A Parent’s Guide to Melatonin for Kids

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If you asked parents one thing they wished was easier about having young kids, many would say something about improving their child’s sleep. Kids are funny; they can be totally amped to bike to the playground, then too fatigued to pedal home, followed by not being tired enough to fall asleep at bedtime — all in a few hours. 

Challenges like these understandably have many parents seeking sleep remedies, such as melatonin for kids. While supplemental melatonin isn’t a new product, its use among children has skyrocketed over the past few years. Studies show that sales of melatonin for children more than doubled between 2017 and 2020. (1

Of course, just because something is trending doesn’t always mean it’s a good idea for everyone. Here’s what you need to know about melatonin for kids, including who may benefit, recommended dosages, safety considerations, and potential side effects. 

Note: The content on Sleepopolis is meant to be informative in nature, but it shouldn’t be taken as medical advice, and it shouldn’t take the place of medical advice and supervision from a trained professional. If you feel you or your child may be suffering from any sleep disorder or medical condition, please see your healthcare provider immediately. Additionally, restrictions and regulations on supplements may vary by location. If you ever have any questions or concerns about a product you’re using, contact your doctor.

Long Story Short

  • Melatonin is a naturally occurring hormone produced by your brain that regulates your sleep-wake cycle. It can also be artificial and sold in supplemental form.
  • Melatonin shouldn’t be given to children without first speaking with their pediatrician and targeting other behavioral interventions to help improve sleep.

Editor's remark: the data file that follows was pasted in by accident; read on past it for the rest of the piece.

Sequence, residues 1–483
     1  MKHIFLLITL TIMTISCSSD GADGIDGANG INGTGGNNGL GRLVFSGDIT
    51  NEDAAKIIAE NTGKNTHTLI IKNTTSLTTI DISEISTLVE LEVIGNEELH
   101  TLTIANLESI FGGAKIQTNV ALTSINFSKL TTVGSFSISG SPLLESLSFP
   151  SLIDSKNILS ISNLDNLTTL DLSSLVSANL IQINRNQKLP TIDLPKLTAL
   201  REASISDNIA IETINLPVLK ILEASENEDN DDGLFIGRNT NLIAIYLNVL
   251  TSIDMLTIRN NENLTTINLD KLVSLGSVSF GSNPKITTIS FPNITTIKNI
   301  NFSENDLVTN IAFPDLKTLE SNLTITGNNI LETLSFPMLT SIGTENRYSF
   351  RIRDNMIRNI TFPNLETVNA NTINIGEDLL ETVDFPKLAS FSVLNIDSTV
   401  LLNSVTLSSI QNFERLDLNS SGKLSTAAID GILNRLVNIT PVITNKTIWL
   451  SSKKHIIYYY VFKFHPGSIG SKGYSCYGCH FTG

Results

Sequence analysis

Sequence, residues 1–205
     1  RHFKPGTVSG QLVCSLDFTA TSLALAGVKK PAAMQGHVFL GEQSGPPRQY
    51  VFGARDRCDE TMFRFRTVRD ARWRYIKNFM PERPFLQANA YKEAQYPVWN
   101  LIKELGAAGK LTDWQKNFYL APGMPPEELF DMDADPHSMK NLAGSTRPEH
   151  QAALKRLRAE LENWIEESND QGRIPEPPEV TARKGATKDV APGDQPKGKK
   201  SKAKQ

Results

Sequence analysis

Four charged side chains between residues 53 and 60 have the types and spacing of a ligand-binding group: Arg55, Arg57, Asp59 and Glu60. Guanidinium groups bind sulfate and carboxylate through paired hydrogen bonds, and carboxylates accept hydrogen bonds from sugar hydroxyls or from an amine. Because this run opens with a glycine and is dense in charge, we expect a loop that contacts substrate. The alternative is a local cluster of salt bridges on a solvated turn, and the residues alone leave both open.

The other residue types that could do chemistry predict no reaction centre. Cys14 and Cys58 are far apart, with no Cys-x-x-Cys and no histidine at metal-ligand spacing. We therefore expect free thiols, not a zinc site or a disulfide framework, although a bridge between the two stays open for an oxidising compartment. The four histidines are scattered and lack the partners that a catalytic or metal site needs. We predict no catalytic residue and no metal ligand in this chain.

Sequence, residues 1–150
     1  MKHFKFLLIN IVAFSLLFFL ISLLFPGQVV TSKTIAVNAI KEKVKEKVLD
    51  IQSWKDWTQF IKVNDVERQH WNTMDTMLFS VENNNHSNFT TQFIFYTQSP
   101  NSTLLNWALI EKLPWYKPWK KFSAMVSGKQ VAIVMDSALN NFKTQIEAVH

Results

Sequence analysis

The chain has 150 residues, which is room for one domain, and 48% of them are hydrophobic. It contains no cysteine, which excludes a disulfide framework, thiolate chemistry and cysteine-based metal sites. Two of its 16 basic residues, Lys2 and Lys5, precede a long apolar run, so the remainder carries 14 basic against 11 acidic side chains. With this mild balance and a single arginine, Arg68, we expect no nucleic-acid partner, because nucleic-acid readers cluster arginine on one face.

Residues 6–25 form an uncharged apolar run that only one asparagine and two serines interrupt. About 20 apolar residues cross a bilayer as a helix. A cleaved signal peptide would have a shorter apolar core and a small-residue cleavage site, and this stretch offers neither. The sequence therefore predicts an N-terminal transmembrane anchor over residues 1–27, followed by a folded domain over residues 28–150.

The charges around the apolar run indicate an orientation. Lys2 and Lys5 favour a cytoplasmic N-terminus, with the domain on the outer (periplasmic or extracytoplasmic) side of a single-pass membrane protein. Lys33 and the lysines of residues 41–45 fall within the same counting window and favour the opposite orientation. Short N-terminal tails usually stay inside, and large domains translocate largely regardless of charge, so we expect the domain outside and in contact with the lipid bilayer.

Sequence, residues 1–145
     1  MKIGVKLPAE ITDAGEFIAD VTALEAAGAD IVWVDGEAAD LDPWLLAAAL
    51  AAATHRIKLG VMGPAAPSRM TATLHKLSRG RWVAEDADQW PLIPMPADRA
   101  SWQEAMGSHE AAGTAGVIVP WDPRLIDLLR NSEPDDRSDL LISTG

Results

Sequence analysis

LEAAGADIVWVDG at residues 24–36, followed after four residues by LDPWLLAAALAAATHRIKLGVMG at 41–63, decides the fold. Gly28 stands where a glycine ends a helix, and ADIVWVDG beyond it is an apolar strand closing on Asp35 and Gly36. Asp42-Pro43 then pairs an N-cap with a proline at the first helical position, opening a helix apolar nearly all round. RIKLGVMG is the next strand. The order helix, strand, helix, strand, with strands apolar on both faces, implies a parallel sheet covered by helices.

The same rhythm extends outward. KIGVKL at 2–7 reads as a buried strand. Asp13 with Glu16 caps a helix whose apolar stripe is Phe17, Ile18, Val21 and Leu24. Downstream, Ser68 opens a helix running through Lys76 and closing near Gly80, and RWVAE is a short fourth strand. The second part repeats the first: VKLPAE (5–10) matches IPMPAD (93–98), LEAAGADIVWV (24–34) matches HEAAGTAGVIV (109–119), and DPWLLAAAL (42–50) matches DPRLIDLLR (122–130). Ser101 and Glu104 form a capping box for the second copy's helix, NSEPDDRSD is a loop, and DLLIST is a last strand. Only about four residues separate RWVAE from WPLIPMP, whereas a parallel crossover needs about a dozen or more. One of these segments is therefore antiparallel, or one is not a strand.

• While it’s widely available, melatonin isn’t regulated by the FDA or approved for use in children under 18. It shouldn’t be used among children without first speaking with their pediatrician.

What Is Melatonin? 

Though most people may picture a little pill when they think of melatonin, it isn’t just an artificial supplement. It’s a naturally occurring hormone that plays a crucial role in regulating your natural sleep-wake cycle or circadian rhythm

Melatonin levels typically rise in the evening as darkness falls, signaling to your body that it’s time to prepare for sleep. Then, they drop throughout the night as you sleep as part of the normal sleep-wake cycle. 

Beyond regulating your wake and sleep cycle, this hormone helps synchronize various biological functions with the day-night cycle, such as mood, immune function, and antioxidant activity. (2) (3)

The amount of melatonin your brain produces typically decreases with age. The decline is thought to contribute to age-related changes in sleep patterns and the prevalence of sleep disorders among the elderly. (4) When it comes to kids, many parents assume if melatonin is the sleep regulator, supplementing with a little more can help address sleep problems. But it might not be that simple. 

Is Melatonin Safe for Kids? 

It makes sense that parents would think boosting melatonin levels could help kids struggling to fall asleep come bedtime. After all, many of us have used melatonin when recovering from jet lag, time changes, or other things that disrupt our normal circadian rhythm. But just because it can help adults, does that mean melatonin for kids is safe?

Many people assume so, given how accessible it is. However, pediatrician Veena Mathad, MD, tells Sleepopolis that melatonin has not been well-studied in the pediatric community, and it’s not often recommended for most children. 

Furthermore, the American Academy of Sleep Medicine recently issued a health advisory with warnings about melatonin use among children. Still, many parents give their children supplemental melatonin and are unaware of the potential risks. 

It’s important to be aware that pediatric sleep experts recommend caution. Certified Pediatric Sleep Consultant Charlsie Myers, PhD, BCBA tells Sleepopolis that most kids don’t need melatonin — they need more targeted behavioral interventions to address underlying issues and improvements to their sleep routines. For example, regular sleep hygiene practices, a consistent bedtime routine, and a healthy sleep environment should be prioritized.